In his 24 years at AT, the last 14 of them as director – a tenure interrupted only by a 10-month stint at the University of South Carolina – Laursen and his team of nearly 30 people have tied broken bones, cleaned gashes, taped sprains and examined concussions among BU’s 1,600 student-athletes playing varsity and club sports each year. He takes his leave at a propitious time both academically and maritally. He is also a Sargent Clinical Associate Professor of Athletic Training, and the college just graduated its last students in Athletic Training. The program is on hiatus due to declining enrollment.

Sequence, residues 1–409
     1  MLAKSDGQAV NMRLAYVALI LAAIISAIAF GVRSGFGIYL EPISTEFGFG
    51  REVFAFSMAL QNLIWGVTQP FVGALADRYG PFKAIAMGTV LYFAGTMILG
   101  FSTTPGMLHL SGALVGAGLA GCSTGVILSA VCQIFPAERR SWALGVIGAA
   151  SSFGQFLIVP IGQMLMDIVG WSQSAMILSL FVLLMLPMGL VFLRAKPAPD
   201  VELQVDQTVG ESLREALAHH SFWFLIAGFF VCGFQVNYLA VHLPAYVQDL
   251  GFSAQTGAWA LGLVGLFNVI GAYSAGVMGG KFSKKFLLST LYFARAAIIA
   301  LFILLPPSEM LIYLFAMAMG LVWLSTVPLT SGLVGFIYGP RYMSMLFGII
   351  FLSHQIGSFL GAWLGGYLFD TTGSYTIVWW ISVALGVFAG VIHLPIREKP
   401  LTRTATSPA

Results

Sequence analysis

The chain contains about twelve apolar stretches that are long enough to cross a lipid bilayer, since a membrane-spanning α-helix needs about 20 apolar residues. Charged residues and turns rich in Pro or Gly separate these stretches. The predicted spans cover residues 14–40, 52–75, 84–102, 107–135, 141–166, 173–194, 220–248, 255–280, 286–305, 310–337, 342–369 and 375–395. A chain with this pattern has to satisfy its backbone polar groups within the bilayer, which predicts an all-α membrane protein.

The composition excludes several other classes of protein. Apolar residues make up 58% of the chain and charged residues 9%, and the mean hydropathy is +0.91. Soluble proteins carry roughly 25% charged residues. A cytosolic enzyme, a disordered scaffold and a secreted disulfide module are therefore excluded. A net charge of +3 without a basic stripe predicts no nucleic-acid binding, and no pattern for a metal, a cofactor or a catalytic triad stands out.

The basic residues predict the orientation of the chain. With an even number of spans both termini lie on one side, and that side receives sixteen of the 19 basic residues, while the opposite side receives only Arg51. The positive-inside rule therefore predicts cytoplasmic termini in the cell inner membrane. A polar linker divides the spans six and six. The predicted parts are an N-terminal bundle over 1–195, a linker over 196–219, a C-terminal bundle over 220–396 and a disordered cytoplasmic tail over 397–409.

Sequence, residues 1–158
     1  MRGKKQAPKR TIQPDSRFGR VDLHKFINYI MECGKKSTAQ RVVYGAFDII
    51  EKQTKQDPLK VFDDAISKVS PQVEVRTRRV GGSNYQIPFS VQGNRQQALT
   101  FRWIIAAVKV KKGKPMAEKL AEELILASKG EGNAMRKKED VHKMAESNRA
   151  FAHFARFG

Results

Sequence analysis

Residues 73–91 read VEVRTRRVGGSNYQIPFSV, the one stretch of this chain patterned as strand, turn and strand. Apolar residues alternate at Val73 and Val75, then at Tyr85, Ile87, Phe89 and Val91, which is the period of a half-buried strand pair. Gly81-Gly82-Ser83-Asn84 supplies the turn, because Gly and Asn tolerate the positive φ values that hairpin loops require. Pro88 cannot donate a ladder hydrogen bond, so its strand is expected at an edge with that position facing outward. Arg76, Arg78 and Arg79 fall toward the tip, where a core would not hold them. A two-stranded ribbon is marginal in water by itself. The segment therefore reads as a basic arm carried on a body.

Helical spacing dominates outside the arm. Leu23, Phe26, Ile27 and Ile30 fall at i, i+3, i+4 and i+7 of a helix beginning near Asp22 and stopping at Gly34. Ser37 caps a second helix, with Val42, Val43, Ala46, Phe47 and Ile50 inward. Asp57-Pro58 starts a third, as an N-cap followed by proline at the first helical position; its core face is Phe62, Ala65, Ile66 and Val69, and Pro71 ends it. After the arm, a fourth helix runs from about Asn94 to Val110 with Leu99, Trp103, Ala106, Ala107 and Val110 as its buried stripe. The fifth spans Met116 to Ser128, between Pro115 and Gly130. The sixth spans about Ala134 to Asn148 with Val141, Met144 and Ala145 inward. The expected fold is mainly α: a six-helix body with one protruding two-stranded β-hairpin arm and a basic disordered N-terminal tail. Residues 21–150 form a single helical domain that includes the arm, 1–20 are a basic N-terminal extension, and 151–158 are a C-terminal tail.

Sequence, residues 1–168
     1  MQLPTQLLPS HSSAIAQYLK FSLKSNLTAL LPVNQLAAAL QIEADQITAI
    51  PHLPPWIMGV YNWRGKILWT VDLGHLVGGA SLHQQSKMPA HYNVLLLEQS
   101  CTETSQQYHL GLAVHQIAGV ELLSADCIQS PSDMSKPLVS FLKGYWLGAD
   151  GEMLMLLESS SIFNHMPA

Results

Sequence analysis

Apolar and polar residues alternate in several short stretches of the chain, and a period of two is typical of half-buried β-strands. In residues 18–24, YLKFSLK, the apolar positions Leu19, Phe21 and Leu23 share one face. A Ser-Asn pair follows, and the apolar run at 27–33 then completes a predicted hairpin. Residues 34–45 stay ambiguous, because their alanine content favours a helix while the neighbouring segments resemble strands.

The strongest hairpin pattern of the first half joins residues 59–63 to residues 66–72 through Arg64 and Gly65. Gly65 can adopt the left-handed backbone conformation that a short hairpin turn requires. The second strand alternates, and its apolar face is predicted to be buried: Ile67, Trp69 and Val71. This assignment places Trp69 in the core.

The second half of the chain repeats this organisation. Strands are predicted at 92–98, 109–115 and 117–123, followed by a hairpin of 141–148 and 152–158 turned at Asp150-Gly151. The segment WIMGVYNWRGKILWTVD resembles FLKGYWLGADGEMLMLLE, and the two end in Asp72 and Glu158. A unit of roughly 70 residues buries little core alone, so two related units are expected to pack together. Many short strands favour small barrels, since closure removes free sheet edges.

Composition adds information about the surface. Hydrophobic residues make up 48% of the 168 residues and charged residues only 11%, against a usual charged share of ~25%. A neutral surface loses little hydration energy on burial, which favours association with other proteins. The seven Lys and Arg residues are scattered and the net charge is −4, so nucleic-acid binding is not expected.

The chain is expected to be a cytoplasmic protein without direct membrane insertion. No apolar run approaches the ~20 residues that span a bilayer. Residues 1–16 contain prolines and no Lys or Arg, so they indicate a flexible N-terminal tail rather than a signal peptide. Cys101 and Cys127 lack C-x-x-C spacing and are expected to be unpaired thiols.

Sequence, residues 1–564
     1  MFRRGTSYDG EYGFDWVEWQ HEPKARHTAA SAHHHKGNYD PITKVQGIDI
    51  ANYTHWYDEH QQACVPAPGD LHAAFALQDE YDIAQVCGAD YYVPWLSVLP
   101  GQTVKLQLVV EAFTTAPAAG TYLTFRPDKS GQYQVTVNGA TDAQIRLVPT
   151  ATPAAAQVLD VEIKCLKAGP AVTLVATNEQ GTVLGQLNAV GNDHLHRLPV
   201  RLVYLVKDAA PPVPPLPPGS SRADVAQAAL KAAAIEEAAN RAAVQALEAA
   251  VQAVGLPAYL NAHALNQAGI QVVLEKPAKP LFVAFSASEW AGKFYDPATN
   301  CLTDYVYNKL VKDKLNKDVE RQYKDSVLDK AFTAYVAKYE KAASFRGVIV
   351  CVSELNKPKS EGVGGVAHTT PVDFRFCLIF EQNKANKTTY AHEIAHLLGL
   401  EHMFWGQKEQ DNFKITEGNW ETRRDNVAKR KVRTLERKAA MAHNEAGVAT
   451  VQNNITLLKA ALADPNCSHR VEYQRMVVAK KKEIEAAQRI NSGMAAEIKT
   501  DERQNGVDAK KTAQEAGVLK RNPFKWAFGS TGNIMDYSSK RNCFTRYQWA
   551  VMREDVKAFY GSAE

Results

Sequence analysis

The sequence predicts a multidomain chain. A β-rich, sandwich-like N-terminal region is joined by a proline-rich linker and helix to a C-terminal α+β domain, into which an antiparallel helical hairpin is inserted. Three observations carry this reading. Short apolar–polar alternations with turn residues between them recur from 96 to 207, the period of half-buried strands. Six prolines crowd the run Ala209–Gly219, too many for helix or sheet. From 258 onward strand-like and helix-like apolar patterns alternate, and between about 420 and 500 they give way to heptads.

His retirement follows more than two years of AT charge protection from COVID-19, “the biggest public health crisis we’ve had in athletics, ever bigger than a concussion,” he said. Laursen during an interview in his office at Case Athletic Center.

“We don’t know the consequences of this virus,” he said. “I have colleagues, and we have patients, who were infected a year ago and are still having side effects.” At the start of the pandemic, Laursen recalls, “teams weren’t using the locker rooms, they were dressing at home,” showering there after home games.

Away games have prevented taking such precautions, but BU Athletics and AT have implemented other anti-COVID strategies. They embraced telehealth, “dedensified buses, so instead of taking one bus with someone in each seat, larger teams would take two buses,” and implemented rigorous COVID testing, up to two or three times a week during the worst days of the pandemic. .